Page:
The Demographics Behind the Middle East’s ‘Youth-Driven Wave of Political Unrest’
A baby boom in Egypt since 2011 has added 11 million people to a population that is now approaching 100 million, according to Bloomberg. With a quarter of Egyptians between the ages of 18 and 29 unemployed, and an increasing number of young people entering a labor market that is ill-equipped to absorb them, many experts are raising concerns. Egypt isn’t alone. Across the Middle East, overwhelmingly young populations coupled with a lack of economic opportunity have fueled unrest that could continue. In an email interview, Jack Goldstone, the Virginia E. and John T. Hazel professor of public policy at George Mason University and an expert on demographics, explains what is driving the baby booms in Egypt and the wider region, their potential political impact, and how governments are responding.
WPR: What has led to the recent population booms in Egypt and other countries in the Middle East and North Africa?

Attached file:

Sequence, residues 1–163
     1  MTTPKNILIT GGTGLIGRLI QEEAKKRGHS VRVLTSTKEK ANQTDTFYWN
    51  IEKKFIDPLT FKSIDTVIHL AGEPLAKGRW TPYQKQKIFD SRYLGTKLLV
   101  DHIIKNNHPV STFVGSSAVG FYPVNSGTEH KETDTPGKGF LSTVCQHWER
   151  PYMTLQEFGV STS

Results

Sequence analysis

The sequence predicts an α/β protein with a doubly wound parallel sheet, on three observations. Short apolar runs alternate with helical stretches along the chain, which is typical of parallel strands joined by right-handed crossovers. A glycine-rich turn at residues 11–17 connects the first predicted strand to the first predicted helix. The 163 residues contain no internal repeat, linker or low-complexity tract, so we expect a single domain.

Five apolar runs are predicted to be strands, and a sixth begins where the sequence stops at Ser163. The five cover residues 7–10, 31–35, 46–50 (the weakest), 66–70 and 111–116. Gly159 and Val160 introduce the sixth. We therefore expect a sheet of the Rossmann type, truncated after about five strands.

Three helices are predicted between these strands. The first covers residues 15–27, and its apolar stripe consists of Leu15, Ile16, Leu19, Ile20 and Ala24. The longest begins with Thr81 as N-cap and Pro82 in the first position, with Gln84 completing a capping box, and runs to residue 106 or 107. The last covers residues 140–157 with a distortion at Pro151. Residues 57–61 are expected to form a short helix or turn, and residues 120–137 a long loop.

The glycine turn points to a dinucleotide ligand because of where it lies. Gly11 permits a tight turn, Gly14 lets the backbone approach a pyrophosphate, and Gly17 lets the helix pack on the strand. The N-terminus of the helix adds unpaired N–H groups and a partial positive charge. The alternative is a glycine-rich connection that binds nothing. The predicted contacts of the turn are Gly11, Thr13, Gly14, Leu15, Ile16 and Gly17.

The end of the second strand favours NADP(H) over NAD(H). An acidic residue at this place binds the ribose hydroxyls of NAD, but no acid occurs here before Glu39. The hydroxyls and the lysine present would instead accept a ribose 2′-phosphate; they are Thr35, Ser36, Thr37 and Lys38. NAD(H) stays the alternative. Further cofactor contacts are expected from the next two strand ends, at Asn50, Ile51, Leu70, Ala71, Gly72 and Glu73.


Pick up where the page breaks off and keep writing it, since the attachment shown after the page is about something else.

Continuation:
Jack Goldstone: Rapid population growth is a normal result of economic progress. In a process that demographers call “the demographic transition,” higher incomes in a society first lead to a sharp decline in death rates, particularly among infants and children. Some years later, birth rates also start to fall. But the fall in births is typically slower than the decline in deaths, leading to a large surplus of births over deaths. This makes the population younger and generates even more momentum for growth, as the larger number of young women leads to even more births. Such population growth only slows down when the birth rates begin to fall more rapidly and catch up with the earlier decline in deaths. This process unfolded slowly across Europe in the 19th century and ended there in the 1970s. The same process spread rapidly in East Asia in the 20th century but has also ended, or nearly ended, there. This same process occurred across all Middle East and North Africa nations in the 20th century, yet it has not ended. The large excess of births over deaths that arose in the Middle East and North Africa by the late 20th century still continues, so population growth, which doubled across the region from 1980 to 2010, remains unusually high.